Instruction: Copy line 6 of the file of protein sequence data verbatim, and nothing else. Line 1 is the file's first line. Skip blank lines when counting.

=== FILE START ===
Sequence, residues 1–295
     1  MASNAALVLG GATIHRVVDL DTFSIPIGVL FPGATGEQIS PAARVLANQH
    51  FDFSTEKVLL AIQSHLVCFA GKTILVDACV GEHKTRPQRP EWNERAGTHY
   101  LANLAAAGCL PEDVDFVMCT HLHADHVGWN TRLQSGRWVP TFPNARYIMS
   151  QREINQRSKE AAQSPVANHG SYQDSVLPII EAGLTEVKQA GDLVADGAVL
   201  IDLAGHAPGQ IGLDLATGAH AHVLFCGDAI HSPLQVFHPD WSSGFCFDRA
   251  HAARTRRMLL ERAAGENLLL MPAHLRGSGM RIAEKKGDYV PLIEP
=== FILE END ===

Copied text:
   201  IDLAGHAPGQ IGLDLATGAH AHVLFCGDAI HSPLQVFHPD WSSGFCFDRA